Misquoted Sayings: Fighting Fire with Fire

Do you care about the use and misuse of language? Quite frankly, I am astonished how often people get famous proverbs and sayings wrong. I remember once, when my wife was attending slimming classes that she reported the instructor had said, “anyone who reaches their goal weight would be illegible (sic) for a one week free subscription.”

She could not understand why my wife and her friend seemed so amused as they attempted, in vain, to stifle their laughter. Or perhaps, in the spirit of this post, I should have said they attempted ‘in veign’.

Here are eight commonly misquoted sayings that I find particularly irksome:

  1. You are a mind of information
  2. That person did it off his own back
  3. In one foul swoop
  4. Batting down the hatches
  5. She was a bit of a damp squid
  6. That is a mute point
  7. I am not adverse to the matter
  8. I was left on tenderhooks

Anyway, I thought that perhaps today, we could start our own campaign to clean up the language. It set me thinking about what is the best thing to do the next time you hear someone using any of these sayings. Perhaps we could start fighting fire with fire. For example:

When someone says: “You are a mind of information.”
We could respond: “And you are garden of aphorisms.”

When someone says: “That person did it off his own back.”
We could add: “… and furthermore, without the aid of a rucksack.”

When someone says: “In one foul swoop.”
We could add: “… emitting the most dreadful smell.”

When someone says: “Batting down the hatches.”
We could add: “… and straight through the covers.”

When someone says: “She was a bit of a damp squid.”
We could respond: “But she could give you a heck of a cuddle.”

When someone says: “That is a mute point.”
We could add: “… as it adds nothing to the sound of silence.”

When someone says: “I am not adverse to the matter.”
We could respond: “But is the reverse true, or is that too obverse?”

When someone says: “I was left on tenderhooks.”
We could respond: “Ah yes, they say that love hurts.”

We can’t really blame people for misquoting these sayings after all, they travel around the population largely passed from person to person by word of mouth and that process is well-known to be unreliable.

Of course, if you can’t see what’s wrong with them, it’s probably you who is going around saying this stuff 😉

5 thoughts on “Misquoted Sayings: Fighting Fire with Fire

  1. TheUltimateKoopa

    Literally, the word “Myriad” means 10,000. For example a myriad meters is 10 kilometers.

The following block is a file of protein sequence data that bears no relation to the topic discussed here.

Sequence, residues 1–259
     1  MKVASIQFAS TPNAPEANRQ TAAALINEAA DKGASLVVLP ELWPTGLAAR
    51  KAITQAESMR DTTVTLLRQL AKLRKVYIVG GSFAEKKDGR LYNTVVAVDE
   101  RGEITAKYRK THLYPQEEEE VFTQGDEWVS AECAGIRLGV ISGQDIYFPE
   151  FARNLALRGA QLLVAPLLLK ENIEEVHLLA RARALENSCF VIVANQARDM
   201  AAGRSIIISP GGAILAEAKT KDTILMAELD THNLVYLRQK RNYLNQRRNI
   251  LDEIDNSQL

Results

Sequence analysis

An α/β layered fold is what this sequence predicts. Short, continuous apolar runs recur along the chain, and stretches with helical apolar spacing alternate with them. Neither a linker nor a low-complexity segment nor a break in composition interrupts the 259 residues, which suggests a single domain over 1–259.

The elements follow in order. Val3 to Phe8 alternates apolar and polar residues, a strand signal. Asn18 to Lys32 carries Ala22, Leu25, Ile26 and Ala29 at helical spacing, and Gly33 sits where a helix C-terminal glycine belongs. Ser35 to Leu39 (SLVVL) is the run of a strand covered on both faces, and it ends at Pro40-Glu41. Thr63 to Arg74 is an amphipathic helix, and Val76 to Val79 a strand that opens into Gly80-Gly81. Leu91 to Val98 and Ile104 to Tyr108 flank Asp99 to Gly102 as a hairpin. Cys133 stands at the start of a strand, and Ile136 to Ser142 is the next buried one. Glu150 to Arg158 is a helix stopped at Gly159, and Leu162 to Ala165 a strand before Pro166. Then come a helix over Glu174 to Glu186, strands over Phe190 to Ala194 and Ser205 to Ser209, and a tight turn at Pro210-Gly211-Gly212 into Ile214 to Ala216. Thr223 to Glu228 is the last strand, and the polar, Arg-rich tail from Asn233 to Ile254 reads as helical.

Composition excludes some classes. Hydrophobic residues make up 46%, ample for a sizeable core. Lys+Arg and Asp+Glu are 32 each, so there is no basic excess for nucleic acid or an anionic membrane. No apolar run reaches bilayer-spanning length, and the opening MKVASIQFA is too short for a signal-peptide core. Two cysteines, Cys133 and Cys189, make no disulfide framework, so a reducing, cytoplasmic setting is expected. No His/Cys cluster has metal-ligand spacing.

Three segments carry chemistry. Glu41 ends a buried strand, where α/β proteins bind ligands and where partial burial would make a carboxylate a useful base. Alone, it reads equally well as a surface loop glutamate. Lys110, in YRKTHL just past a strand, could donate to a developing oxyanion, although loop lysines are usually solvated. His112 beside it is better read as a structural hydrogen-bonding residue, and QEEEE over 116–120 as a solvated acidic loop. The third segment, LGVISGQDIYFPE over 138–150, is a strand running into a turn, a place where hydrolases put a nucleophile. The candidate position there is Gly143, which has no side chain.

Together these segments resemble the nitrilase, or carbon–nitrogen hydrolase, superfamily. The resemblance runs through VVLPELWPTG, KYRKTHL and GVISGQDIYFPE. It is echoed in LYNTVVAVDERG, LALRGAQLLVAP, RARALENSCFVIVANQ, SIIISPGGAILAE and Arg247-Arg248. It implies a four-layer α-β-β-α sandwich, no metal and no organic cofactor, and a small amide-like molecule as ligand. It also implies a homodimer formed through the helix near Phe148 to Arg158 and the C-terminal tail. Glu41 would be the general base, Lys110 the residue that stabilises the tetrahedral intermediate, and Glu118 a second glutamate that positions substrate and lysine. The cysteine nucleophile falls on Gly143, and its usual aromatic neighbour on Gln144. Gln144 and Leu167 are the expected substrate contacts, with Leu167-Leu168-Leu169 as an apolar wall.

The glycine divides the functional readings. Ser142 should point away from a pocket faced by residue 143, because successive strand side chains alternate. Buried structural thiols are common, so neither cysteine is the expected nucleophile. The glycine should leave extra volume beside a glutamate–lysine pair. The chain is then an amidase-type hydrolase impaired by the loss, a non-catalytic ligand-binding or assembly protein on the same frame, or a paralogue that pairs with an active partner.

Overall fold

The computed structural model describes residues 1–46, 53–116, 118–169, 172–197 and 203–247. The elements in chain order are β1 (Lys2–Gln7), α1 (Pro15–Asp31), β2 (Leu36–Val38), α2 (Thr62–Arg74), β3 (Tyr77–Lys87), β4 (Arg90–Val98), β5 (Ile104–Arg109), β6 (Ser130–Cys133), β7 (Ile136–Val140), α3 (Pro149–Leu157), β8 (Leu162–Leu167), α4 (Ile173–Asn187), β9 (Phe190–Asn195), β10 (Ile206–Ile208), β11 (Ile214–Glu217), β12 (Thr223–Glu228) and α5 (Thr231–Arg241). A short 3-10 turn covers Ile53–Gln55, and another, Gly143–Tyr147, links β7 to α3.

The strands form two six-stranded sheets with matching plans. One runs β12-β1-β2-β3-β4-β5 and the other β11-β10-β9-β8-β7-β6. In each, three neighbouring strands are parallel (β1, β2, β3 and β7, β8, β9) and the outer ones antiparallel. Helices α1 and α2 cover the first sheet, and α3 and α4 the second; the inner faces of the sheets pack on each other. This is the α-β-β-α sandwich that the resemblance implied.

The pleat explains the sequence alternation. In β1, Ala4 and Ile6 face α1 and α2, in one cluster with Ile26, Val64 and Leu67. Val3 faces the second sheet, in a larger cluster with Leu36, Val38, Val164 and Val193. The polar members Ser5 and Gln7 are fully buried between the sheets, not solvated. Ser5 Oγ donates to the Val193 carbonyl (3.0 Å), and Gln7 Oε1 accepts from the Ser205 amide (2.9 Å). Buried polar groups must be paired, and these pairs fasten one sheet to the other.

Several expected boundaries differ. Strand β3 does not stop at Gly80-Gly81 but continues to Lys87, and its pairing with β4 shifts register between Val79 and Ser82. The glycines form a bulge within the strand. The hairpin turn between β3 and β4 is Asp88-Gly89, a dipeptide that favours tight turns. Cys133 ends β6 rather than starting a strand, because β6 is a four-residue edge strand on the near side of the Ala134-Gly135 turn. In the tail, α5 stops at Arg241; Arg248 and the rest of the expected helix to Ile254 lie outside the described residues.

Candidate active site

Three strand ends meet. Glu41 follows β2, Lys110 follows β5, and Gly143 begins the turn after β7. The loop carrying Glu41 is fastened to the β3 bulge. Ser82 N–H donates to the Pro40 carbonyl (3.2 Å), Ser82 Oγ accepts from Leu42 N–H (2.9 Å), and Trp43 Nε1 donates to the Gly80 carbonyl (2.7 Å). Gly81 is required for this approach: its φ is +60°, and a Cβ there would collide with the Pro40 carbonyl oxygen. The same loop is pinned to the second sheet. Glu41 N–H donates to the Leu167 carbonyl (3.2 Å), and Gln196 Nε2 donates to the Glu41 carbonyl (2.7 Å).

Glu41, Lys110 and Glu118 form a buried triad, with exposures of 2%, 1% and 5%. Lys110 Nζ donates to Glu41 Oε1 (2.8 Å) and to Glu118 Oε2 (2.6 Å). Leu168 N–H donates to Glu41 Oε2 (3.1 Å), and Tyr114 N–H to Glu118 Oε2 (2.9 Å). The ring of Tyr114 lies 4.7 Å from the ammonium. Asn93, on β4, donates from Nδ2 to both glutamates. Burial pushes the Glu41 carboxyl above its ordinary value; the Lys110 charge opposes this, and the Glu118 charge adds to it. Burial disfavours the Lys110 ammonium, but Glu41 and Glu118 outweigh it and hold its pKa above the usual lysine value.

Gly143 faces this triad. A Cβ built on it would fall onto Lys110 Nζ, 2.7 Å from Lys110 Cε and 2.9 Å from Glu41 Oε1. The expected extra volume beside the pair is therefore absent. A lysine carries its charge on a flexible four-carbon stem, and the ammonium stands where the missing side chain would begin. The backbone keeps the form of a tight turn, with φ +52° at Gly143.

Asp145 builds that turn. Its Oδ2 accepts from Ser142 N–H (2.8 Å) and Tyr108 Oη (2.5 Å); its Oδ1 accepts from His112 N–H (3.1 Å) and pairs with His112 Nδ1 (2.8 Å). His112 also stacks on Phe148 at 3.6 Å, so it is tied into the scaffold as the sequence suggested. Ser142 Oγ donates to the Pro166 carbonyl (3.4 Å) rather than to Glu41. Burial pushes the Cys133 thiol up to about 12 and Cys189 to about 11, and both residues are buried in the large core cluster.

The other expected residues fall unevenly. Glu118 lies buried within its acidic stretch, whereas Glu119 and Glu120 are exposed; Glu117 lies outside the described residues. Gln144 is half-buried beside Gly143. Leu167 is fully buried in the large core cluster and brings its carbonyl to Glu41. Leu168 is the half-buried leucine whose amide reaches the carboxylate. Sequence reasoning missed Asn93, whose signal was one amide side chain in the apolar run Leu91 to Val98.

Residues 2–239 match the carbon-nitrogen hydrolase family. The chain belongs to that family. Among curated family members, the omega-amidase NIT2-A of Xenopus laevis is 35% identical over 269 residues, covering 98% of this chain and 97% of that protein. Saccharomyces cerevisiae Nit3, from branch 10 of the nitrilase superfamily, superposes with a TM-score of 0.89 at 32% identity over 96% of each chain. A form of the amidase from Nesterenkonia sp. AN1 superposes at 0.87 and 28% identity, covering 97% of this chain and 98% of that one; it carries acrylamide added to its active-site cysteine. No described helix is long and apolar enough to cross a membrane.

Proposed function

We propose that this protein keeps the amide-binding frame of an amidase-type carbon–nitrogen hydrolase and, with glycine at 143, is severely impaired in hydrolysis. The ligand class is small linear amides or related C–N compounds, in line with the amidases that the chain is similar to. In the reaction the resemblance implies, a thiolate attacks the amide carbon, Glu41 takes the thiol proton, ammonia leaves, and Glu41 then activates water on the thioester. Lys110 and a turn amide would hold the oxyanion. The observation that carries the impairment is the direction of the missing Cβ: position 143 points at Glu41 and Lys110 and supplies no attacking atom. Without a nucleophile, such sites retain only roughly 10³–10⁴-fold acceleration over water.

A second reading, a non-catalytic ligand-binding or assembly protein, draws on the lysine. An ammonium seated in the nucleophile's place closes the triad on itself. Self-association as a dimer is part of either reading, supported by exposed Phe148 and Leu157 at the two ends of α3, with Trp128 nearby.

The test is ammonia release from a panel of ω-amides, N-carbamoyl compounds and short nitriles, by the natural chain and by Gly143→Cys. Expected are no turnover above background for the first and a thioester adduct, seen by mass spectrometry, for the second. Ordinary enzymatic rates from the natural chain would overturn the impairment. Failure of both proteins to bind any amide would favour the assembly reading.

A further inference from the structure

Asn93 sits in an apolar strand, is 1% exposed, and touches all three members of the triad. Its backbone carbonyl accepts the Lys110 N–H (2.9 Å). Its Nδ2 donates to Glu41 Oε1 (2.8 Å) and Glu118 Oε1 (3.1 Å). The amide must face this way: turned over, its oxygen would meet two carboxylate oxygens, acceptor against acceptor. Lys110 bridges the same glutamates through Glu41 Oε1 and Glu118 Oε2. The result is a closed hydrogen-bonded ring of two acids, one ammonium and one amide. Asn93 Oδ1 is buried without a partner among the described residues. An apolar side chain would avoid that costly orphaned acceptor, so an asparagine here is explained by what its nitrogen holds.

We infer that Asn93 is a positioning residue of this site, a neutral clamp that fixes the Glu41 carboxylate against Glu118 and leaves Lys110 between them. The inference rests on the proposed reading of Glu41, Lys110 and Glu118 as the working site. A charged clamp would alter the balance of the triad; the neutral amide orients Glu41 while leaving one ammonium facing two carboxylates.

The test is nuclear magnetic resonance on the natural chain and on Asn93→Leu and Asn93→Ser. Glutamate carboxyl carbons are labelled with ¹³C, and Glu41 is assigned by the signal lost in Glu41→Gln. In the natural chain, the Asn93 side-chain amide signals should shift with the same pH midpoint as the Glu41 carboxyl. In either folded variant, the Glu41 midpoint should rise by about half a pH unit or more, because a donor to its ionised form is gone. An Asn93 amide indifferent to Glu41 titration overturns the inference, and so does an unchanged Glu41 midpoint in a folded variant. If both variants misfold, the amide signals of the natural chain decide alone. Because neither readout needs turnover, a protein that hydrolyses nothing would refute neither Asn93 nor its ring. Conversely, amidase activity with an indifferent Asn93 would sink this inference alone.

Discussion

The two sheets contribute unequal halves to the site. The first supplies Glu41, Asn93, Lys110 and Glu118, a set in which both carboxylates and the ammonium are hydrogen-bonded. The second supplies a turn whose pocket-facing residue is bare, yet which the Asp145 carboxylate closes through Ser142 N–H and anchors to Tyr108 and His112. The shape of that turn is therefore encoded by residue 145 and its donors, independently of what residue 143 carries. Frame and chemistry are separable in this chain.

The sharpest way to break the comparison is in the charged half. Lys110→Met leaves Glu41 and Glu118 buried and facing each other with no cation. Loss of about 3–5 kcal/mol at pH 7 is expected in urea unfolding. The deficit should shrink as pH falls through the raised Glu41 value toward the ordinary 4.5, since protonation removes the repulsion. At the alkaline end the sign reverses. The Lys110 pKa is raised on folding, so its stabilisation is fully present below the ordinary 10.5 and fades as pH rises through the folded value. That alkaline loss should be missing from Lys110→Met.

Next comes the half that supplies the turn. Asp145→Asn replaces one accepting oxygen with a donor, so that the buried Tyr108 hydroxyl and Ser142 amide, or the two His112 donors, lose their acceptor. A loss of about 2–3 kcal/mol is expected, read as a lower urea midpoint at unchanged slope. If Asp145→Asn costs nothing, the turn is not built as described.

2. Delton

    Most of the sayings you have quoted I haven’t heard but the “Fight fire with fire” is something we do quite often here in the States. When a large forest fire has gotten out of control the fire fighters will go ahead of the fire and set another fire, they can control, to burn off the fuel so when the large fire gets there it won’t have anything to burn; therefore the large fire dies or goes out. Thus, Fighting Fire With Fire works.

  3. Christine Creedon

    The most irritating misquote that I have often heard used, by many including a former head of state in Ireland is the phrase , One wouldn’t want to upset the apple tart, would one? as opposed to UPSET THE APPLECART.

  4. Lauren

    Actually, like your wife, it’s pretty funny when people get sayings mixed up. What irritates me is when people use incorrect grammar and the prevalence of “text-speak”.There’s a well-known long-retired baseball player-Yogi Berra- in the US who is known for turning phrases on their ears.
    “Half the lies they tell about me aren’t true.”
    “If the world was perfect, it wouldn’t be.”
    “If you come to a fork in the road, take it.”
    “It was impossible to get a conversation going, everybody was talking too much.”
    “There are some people who, if they don’t already know, you can’t tell ’em.”
    The weird thing is, that all these have some sense to them. And a lot of humor….
    Love and Light,

  5. len stevens

    There’s a word, the wrong use of which drives me nuts … and that is “myriad”.

    To the best of my knowledge, it means “lots of” — but some folk say … “a myriad of” …

    So now we have … “lots of, of” …

    Sure, you can correct me if I’m wrong.

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